Volume 1 – Issue 1: Winter 2018

Developing Ethical Leadership in the Post-Enron World: The Current State of Business Ethics Education in National Liberal Arts Colleges in the United States
by James Welch

Key Words:ethics, business ethics, national liberal arts colleges, business education

As evidenced by the recent revitalization of guidelines for general learning objectives for business ethics education by the two primary undergraduate business accrediting agencies, the Association to Advance Collegiate Schools in Business (AACSB) and the Accrediting Council for Business Schools and Programs (ACBSP), undergraduate business ethics education is of significance importance today. However, the specific ways in which business schools implement business ethics education remains quite diverse. This study was designed to survey and compare current undergraduate business ethics education curricular strategies in national liberal arts colleges in the United States. The results indicate significant differences in terms of the curricular strategies currently being used in the national liberal arts colleges to teach business ethics at the undergraduate level with a clear minority of institutions implementing standalone business ethics courses.

Aguinda v. Texaco: Oil, Pollution, Illness, and the Quest for Justice
By Lucas Loafman

Key Words: Aguinda, Texaco, Ecuador, Chevron, oil, pollution, Environmental Management Act, transnational litigation, transnational dispute resolution, global enforcement of judgments, fraud

The almost twenty five year old case of “Aguinda v. Texaco” has been called “the most important environmental case of the 21st century.”1 The study of this particular ongoing dispute is a unique educational opportunity to illustrate and discuss the complexities of international investment and transnational dispute resolution. This article includes a detailed summary of the story to date, as well as study applications that can be used in variety of business courses at both the undergraduate and graduate levels.

Incorporating Sport into the Business Ethics Segment of the Course
By Adam Epstein

Key Words: teaching, pedagogy, business law, ethics, Enron, whistleblowers, code of ethics, sport, sportsmanship, coaching contracts, Jim Harbaugh, morals clause, loyalty clause, termination clause, contract-based approach, social media, fraud, tanking, academic dishonesty, student code of conduct

The purpose of this article is to demonstrate a way to teach ethics by incorporating sport into the ethics segment of a business law, introduction to business or other law-related course. Utilizing sport is one way to engage students when teaching law, especially at the undergraduate level. At the conclusion, I emphasize how ethics directly applies to them as students by showing them excerpts from the student code of conduct. More specifically, my learning objectives in this lesson are as follows: 1) To introduce the role and importance of ethics and codes of ethics within an organization; 2) To offer that ethics can be utilized via a contract-based approach to allow an employer to terminate the employment relationship if necessary or appropriate; 3) To provide examples of real-world contract clauses which demonstrate how ethics can be memorialized in the employment contract; 4) To increase an awareness and understanding from an historical perspective of the failure of ethics in business; and 5) To identify specific examples from a student bulletin and student code of conduct that demonstrate ethics permeates the university-student relationship.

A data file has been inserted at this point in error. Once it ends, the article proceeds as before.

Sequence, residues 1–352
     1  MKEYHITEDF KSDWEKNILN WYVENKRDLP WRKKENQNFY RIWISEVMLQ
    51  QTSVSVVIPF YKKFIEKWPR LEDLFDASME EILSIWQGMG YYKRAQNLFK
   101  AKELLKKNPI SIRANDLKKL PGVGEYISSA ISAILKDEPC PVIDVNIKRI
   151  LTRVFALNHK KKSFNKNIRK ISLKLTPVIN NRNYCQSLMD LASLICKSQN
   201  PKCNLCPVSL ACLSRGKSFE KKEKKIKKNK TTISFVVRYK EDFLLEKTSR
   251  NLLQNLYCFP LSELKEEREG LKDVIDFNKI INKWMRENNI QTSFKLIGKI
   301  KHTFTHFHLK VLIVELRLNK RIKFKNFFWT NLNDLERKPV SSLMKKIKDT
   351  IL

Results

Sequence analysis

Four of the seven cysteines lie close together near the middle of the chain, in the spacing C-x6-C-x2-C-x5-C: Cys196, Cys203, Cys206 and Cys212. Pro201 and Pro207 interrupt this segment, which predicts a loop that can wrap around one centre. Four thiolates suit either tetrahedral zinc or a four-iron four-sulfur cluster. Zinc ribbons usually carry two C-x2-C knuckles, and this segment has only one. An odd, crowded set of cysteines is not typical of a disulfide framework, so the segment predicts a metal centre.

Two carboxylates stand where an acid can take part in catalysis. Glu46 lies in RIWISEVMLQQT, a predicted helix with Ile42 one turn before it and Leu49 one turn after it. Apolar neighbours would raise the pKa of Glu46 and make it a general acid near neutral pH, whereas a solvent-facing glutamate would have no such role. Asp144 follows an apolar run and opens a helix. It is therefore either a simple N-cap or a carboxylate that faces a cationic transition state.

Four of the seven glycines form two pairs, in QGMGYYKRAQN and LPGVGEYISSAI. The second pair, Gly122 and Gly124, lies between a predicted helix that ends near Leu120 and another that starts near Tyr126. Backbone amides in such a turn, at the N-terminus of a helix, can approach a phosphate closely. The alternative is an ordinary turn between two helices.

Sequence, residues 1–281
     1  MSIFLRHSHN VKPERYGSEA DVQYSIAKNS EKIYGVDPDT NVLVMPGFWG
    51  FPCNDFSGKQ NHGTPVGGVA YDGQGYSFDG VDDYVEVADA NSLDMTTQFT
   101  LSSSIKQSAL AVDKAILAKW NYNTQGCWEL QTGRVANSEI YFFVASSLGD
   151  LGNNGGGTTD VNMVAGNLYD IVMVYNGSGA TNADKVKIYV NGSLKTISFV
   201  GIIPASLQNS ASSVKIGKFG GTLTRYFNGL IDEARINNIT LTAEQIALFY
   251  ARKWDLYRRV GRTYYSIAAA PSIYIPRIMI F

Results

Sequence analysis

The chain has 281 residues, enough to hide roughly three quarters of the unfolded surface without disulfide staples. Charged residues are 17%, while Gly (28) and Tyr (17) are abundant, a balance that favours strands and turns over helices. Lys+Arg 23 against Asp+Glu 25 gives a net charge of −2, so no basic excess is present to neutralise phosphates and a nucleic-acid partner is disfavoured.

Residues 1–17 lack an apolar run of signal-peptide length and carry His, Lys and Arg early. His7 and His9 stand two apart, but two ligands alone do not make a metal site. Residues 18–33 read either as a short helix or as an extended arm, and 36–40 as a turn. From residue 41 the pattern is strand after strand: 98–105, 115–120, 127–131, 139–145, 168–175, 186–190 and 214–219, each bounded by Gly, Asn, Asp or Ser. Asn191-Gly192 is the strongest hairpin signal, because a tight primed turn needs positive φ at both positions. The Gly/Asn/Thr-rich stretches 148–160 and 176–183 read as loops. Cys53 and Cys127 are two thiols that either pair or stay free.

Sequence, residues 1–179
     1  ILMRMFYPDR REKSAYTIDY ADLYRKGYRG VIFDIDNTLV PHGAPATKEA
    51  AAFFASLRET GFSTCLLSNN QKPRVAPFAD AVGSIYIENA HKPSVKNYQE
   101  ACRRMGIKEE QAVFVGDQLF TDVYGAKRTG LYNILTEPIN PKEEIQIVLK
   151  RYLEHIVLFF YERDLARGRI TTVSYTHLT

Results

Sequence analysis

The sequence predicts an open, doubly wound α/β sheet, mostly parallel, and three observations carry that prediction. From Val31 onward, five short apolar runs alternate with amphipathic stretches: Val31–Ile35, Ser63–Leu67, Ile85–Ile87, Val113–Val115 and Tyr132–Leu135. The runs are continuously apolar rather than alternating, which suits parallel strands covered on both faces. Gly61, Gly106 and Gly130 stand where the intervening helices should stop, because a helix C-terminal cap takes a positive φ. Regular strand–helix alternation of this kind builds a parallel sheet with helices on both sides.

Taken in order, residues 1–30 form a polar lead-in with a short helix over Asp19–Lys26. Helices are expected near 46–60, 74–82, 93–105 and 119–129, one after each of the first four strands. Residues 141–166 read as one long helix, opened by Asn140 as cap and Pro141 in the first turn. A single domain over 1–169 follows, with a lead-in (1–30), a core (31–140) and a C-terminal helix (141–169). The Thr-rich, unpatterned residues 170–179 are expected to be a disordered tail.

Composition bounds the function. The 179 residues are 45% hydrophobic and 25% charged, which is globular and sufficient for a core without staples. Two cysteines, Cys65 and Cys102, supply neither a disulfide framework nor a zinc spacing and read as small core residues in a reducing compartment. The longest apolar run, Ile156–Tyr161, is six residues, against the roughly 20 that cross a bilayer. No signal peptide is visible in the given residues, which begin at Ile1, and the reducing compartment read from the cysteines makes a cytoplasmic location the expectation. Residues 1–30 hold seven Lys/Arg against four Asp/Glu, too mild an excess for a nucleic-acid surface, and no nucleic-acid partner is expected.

By Melanie Stallings Williams

Key Words: ethics, ethos, pathos, logos, Aristotle, pedagogy, business, negotiation, teaching, corporate responsibility


While using Aristotle’s approaches to rhetoric – ethos, pathos, and logos – is common in teaching philosophy and rhetoric, incorporating an analysis of these principles into business education is relatively rare and constitutes a missed opportunity. A discussion of Aristotle’s analysis of rhetorical approaches and their application to persuasive communications in the marketplace gives students an engaging and lively opportunity to become more observant, analytic, and effective. Discussions that include an analysis of ethos, pathos and logos are particularly effective when teaching ethics, negotiation, and other business topics where it is important to understand the effect of perception on decision-making. The paper examines the pedagogical value of studying rhetoric as applied to business education, provides lively examples of advertisements and other persuasive messages to help students analyze the type of appeal being made, and includes a class exercise and teaching note.

Bring on the Tissues, Here Come the Issues: Issues of Legal Consequence, Issues of Fact, and Issues of Law
By Nancy J. White

Key Words: legal issues, factual issues, teaching about issues, social constructs, value issues

Undergraduate students should know the difference between laws, facts, issues of law and issues of fact in order to understand how the legal system works and how it resolves disputes. Legal issues and factual issues, and the role they play are often confusing to a student but the amount of time that can be spent on this topic is limited. This paper includes the author’s classroom exercises, developed over more than fifteen years of actual classroom use and feedback from students. The exercises are designed to streamline understanding of these concepts for undergraduate students. This paper introduces the concept of what the author calls “value/overall/legal consequences issue” to aid students in understanding the difference between factual and legal issues and the role they play in the court system. In addition, the concept of “social construct” is introduced because juries do not just decide the facts but also some social constructs such as unreasonable behavior.